Lost Children Archive (Large Print / Library Binding)
The stars of this show are a ten-year old boy and a six-year old girl whose precociousness stretches credibility. They sit in the back seat of a car, on a road trip that has a premise about as practical as Kerouac’s, playing games of imagination and making witty comments, as his father, who plans to document the sounds left by the Apaches, and her mother, who plans to look for two little girls sent across the border from Mexico, try to come to terms with their differing agendas and the resulting impact on their marriage. Most of the book is a travelogue, narrated by the mother in achingly beautiful language, that chronicles their trip from Brooklyn to New Mexico via Baltimore, the Smoky Mountains, Graceland, and Ft. Sill. A later section is narrated by the ten-year old boy, who takes Polaroid photos along the route (included). Gorgeous writing, compassionate treatment of the story of unaccompanied minors who cross the border illegally, and a wonderful relationship between step-siblings made this a novel I didn’t want to finish. Highly recommended.— Alice
February 2019 Indie Next List
“Really incredible fiction takes you on a journey, and somewhere along the way you realize how much of it reflects your own reality. In Lost Children Archive, Valeria Luiselli’s narrator is highly observant of her inner life and the world around her. She unravels a story that’s about family and how walls between people and nations are built — and what they damage. In reading this book, I felt like I was in the car on the family’s road trip — feeling all the conflicting emotions that Luiselli’s narrator is feeling as a partner, mother, and resident in today’s United States.”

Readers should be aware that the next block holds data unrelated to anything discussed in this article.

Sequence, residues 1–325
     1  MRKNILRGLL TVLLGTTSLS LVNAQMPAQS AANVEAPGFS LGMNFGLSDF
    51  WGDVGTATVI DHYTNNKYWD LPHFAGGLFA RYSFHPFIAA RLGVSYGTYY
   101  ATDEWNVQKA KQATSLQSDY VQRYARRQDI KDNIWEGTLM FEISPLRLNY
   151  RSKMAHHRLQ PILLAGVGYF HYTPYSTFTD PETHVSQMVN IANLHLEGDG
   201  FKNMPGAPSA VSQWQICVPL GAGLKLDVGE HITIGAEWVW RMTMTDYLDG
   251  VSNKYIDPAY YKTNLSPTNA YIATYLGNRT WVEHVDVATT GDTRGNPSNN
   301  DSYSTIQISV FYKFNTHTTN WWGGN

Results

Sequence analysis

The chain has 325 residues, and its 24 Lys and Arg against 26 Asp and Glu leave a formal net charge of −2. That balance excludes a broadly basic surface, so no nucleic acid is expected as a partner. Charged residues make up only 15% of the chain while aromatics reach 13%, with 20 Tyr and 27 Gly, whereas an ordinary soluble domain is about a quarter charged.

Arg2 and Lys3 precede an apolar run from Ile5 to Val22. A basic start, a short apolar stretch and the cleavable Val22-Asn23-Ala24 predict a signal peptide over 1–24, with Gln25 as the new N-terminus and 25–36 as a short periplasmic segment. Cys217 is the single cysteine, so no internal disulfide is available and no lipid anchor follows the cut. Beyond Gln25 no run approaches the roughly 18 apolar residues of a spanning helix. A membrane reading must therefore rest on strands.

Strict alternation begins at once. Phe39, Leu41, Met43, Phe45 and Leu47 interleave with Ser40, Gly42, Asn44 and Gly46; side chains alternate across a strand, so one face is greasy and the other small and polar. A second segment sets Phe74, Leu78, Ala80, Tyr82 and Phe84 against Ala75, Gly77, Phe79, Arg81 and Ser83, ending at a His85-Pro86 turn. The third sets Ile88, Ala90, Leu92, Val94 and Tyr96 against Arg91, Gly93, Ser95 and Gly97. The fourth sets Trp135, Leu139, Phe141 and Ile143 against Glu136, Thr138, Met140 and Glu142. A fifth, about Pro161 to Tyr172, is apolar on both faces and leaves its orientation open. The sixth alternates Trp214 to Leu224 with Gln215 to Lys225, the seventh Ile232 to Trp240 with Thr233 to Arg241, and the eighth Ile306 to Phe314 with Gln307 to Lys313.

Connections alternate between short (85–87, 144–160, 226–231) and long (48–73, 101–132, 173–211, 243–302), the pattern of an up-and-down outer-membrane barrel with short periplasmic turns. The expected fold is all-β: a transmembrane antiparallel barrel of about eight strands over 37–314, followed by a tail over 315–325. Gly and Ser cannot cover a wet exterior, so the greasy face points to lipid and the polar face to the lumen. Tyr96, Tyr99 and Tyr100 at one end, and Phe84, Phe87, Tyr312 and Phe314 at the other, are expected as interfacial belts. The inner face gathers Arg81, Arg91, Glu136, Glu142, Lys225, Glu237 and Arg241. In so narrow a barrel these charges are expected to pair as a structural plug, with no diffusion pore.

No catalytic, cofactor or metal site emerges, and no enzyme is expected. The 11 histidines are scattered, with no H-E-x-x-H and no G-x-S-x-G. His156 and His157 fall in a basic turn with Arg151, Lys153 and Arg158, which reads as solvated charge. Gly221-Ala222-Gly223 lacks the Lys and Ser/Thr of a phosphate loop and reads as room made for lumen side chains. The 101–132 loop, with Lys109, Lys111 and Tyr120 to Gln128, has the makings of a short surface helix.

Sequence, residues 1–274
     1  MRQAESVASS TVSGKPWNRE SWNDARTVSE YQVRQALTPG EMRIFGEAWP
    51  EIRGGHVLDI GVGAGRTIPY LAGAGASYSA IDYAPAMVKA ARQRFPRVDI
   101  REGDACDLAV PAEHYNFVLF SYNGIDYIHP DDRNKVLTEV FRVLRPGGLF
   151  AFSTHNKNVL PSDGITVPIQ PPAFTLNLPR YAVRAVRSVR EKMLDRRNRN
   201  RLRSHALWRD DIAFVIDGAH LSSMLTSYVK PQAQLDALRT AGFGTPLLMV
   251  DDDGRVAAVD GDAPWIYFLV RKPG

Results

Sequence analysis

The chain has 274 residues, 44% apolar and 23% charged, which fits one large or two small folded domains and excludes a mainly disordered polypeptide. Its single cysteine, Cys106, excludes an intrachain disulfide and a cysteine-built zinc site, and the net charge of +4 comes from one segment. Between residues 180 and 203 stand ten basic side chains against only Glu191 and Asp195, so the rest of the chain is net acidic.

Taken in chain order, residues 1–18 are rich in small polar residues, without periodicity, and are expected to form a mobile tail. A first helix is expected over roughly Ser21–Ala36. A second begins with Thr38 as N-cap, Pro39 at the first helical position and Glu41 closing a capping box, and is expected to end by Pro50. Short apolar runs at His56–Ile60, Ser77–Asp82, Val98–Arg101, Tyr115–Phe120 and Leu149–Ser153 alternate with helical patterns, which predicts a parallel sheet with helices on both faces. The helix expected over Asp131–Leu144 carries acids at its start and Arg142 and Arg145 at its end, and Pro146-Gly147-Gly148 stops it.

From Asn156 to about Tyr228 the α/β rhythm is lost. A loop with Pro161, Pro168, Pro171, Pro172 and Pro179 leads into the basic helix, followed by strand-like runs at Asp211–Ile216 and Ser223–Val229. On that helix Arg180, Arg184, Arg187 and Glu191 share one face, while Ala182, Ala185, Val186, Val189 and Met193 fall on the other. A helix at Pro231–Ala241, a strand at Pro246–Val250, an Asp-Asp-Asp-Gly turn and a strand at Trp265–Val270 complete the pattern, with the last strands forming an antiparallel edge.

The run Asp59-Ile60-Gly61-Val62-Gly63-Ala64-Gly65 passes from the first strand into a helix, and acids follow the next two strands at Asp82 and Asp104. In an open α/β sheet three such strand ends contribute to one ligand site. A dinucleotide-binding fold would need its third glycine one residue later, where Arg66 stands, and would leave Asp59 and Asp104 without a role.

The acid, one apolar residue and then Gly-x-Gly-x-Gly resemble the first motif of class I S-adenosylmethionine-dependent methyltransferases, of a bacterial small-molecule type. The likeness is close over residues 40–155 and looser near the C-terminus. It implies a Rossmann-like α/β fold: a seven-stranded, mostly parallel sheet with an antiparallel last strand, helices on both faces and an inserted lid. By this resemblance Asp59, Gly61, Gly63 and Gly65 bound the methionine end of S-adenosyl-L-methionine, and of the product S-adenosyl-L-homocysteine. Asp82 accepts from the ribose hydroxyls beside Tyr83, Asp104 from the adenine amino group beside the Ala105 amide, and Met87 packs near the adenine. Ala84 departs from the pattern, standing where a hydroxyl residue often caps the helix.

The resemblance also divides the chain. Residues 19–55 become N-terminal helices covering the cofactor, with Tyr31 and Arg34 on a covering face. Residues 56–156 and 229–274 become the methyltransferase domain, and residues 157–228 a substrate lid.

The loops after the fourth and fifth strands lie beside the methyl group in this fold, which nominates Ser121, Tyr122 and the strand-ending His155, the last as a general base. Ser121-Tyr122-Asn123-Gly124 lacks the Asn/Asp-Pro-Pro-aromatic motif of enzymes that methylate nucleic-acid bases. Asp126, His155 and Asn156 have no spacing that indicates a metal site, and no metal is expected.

— Zoey Cole, Books Are Magic, Brooklyn, NY
About the Author
Valeria Luiselli was born in Mexico City and grew up in South Korea, South Africa and India. An acclaimed writer of both fiction and nonfiction, she is the author of the essay collection Sidewalks; the novels Faces in the Crowd and The Story of My Teeth; and, most recently, Tell Me How It Ends: An Essay in Forty Questions. She is the winner of two Los Angeles Times Book Prizes and an American Book Award, and has twice been nominated for the National Book Critics Circle Award and the Kirkus Prize. She has been a National Book Foundation "5 Under 35" honoree and the recipient of a Bearing Witness Fellowship from the Art for Justice Fund. Her work has appeared in The New York Times, Granta, and McSweeney's, among other publications, and has been translated into more than twenty languages. She lives in New York City.